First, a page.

Before a recent holiday this summer, I was in the airport departure lounge and happened to find myself next to a couple arguing. It was one of those arguments where they were ‘shouting in whispers’ through gritted teeth, trying not to draw attention to themselves. Anyway, despite being on holiday and not really wanting to think about conflict management training, I couldn’t help noticing they were doing something really common when people argue; they were over-using the word “you”. It was all, “You did this”, “You never do that”, “You should have…”. It reminded me about one of the simplest changes you can make in your behaviour to avoid conflict situations arising – or indeed escalating.
When you start a sentence with “you” during a disagreement, it immediately puts the customer on the defensive, as you are making the issue all about them. This can cause the customer to retaliate, usually in the form of a counter statement also starting with “you”. Then things can just escalate into a full-blown conflict situation. However, by changing just one word, namely, “you” to “I” it can make a huge difference.
If you can use “I” wherever possible rather than “you” – particularly at the start of sentences, it changes the tone of everything that follows. For example, instead of saying something like “You didn’t return the forms”; say “I was unable to process the claim without the forms being returned”. By doing this you are no longing ‘attacking’ the person, thereby making it less likely they will disagree with you and argue a point. You are now merely stating a fact that is about you, not the other person. Although you’ve still used “you” in the middle of the sentence, you’ve started it with “I” which makes all the difference. You’re not blaming, you’re just stating. This approach is much more likely to illicit a more considered and certainly, less defensive response from the customer. It’s a simple strategy but a very effective one. So, “I” is always, better than “You”, yes? No, not always…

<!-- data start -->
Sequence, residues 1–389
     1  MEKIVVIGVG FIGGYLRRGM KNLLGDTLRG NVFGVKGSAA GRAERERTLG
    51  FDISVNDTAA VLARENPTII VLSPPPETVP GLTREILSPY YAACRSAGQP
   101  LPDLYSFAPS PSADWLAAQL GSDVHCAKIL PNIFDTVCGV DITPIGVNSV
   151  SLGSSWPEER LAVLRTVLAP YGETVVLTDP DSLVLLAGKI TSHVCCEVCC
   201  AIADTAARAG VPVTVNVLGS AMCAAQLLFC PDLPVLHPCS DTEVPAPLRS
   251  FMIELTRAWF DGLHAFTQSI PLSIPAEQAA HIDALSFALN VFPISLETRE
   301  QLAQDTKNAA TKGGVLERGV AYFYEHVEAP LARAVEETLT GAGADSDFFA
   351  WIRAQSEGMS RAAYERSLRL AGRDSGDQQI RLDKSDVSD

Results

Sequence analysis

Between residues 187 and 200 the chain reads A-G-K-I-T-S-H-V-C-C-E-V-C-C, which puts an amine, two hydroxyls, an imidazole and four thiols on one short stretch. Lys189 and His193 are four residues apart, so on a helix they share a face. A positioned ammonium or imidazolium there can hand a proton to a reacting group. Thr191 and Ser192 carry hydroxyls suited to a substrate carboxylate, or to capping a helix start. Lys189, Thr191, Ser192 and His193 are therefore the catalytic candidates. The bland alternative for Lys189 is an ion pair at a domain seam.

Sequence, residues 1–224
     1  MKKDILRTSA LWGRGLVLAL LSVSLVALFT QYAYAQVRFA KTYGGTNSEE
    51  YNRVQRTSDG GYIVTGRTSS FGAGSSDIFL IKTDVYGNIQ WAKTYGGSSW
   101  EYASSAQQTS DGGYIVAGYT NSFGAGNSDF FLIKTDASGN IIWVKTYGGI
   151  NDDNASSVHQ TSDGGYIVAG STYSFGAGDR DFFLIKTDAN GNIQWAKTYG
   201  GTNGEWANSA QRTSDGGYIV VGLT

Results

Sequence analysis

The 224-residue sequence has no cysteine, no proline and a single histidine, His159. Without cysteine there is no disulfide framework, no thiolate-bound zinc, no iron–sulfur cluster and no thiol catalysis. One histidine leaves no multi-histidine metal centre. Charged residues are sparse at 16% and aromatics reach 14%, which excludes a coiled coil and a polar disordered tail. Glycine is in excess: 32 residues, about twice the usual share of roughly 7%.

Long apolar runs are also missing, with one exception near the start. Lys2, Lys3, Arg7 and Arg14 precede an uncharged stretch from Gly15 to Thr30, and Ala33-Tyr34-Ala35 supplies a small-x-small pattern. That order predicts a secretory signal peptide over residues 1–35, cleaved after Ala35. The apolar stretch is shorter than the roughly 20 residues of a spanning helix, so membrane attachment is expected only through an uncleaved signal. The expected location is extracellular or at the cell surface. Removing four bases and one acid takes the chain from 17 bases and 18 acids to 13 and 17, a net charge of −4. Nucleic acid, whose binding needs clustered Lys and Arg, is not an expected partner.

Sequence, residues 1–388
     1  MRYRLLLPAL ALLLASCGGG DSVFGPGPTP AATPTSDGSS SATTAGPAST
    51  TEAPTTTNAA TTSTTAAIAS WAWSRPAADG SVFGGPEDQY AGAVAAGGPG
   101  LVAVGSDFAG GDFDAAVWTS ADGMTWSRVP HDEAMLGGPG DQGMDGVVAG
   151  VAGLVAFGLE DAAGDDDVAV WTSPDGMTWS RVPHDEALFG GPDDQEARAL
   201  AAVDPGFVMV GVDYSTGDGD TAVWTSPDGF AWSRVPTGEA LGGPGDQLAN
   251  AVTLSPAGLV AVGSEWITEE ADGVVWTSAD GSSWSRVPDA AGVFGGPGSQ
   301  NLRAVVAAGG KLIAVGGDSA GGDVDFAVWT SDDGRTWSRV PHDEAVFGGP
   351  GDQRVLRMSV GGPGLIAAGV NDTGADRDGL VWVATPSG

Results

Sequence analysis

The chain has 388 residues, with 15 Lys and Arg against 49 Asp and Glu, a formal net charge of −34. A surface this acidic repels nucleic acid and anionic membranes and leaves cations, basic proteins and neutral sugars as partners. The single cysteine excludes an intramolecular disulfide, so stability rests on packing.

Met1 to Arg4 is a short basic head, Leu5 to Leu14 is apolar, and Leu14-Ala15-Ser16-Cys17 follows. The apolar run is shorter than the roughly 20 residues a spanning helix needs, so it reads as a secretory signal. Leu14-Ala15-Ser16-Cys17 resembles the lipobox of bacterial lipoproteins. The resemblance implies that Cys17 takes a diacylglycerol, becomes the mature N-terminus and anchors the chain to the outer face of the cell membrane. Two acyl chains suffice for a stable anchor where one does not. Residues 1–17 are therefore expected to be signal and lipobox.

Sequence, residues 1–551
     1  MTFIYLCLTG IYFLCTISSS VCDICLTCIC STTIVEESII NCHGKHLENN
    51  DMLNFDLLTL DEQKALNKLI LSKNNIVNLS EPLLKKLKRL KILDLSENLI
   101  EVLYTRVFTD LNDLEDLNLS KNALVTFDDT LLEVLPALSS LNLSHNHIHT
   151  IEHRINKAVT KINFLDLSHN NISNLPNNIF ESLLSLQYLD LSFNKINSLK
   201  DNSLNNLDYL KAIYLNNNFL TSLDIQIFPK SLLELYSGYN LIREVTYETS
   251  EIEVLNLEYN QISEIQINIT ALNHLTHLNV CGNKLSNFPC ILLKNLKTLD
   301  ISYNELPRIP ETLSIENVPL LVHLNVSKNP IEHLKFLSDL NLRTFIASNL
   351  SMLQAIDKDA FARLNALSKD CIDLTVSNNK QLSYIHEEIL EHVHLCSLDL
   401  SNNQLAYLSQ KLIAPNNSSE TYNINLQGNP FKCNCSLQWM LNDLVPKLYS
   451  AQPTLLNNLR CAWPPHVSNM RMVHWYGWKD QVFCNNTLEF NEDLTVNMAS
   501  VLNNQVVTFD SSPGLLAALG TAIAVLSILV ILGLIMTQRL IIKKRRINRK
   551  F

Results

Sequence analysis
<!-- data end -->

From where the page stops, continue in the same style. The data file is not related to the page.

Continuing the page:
Sometimes when dealing with angry customers and wanting to appear understanding, we naturally tend to say something like, “I understand how you feel.” The trouble with this is then the customer automatically thinks, “No, you don’t know how I feel because you are not me. You haven’t had to go through this. I have!” And that can make them even angrier.
So, in these situations, try reflecting back feelings such as – “You are angry because you feel we should have responded sooner, I can hear that” . By doing this you are acknowledging their anger (attaching it to them) rather than trying to put yourself in their place (attaching it to you)
So to conclude; beware of your “I”s and “you’s, they can make all the difference to conflict management! And as for the couple in the airport; well my gate was called and off I went to catch my plane. They may still be arguing in the departures lounge now!